Small and low-lying island countries, such as Nauru, Kiribati, and Tuvalu, have scarce surface reserves of freshwater and rely on rainwater, which can be affected by droughts, and the desalination of seawater.
PNG, by contrast, receives more than 3,000mm of rain a year, but the country’s infrastructure to store and distribute safe treated water is under-developed.
Efforts to improve the supply of piped water in the ballooning informal settlements of towns and cities, and ensure the safety of water in rural villages separated by long distances and arduous terrain, have not kept pace with population growth.
Here, residents often fend for themselves, collecting water from ground wells prone to contamination by human and man-made waste, or by capturing rain.
A child drinks water from the only tap for more than 100 people in a shanty town in the suburb of 9 Mile in Port Moresby, Papua New Guinea. Photograph: Mick Tsikas/AAP
Even before the Covid-19 pandemic, waterborne and related diseases such as diarrhoea, cholera and malaria were already endemic across the Pacific.
Children are especially vulnerable: diarrhoea is a leading cause of death in those under five years of age in PNG and the Solomon Islands.
The survival rate of young children has increased in recent decades, but the under-five mortality rate in PNG is still about 47.8 per 1000 births, above the world average of 39.
One of the most neglected diseases in the Pacific is childhood stunting, Hebblethwaite says. The impaired physical growth and development of children is often due to malnutrition and repeated infections, such as diarrhoea, and there has been little progress in reducing its rate. “Access to safe water and hygiene in communities is a key factor,” he said.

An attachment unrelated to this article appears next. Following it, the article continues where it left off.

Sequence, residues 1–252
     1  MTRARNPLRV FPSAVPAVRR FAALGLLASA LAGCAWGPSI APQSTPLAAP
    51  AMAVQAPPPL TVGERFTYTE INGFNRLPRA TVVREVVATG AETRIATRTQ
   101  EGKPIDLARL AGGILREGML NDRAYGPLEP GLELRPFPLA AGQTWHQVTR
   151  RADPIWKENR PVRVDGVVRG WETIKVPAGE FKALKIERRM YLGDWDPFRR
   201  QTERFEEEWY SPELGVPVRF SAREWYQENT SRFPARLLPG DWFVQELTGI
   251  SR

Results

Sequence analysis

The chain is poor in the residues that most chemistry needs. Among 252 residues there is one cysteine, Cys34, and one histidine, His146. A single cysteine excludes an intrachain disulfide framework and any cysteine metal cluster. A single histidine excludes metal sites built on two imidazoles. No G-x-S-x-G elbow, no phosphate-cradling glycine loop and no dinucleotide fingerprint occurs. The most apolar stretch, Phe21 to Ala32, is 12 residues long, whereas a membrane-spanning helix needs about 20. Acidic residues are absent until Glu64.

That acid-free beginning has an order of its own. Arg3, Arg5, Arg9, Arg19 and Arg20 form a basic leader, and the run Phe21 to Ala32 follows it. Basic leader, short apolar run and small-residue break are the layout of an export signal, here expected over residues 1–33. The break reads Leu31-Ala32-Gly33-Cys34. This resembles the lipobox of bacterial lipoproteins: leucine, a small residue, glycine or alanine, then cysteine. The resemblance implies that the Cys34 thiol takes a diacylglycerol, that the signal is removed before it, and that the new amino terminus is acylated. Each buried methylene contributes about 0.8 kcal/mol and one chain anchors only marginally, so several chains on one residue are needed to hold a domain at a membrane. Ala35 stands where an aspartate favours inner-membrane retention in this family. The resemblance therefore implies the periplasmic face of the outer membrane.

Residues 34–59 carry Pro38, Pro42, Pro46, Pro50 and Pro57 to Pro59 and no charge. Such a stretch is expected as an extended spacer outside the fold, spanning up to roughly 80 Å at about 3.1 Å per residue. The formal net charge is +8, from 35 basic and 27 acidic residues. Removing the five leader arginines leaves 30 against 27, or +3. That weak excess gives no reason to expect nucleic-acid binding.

Already fragile, water security in the Pacific will be weakened further by the impacts of climate change, with rainfall forecast to become less reliable over coming decades.
Chalapan Kaluwin, professor of environmental science at the University of Papua New Guinea, says “climate change, variability, sea level rise and warming of the oceans with temperatures greater than 4℃ will influence the quality of freshwater and water resources of all Pacific island countries”.
A severe drought during an El Nino weather pattern in 2015 and 2016 caused life-threatening water and food shortages across PNG.
Cyclones and storm surges can also damage rainwater tanks and render freshwater reserves unusable in rural and coastal areas.
While scaling up water coverage will require greater investment, Hebblethwaite argues there is room, too, to better manage existing resources.
Desalination plants across the region have broken down or fallen into disrepair, while more robust water tanks will better withstand extreme weather.
“And there is a lot that communities can do to get the most out of what they already have,” he said. “There are ways of collecting more groundwater and there are simple rainwater harvesting techniques.”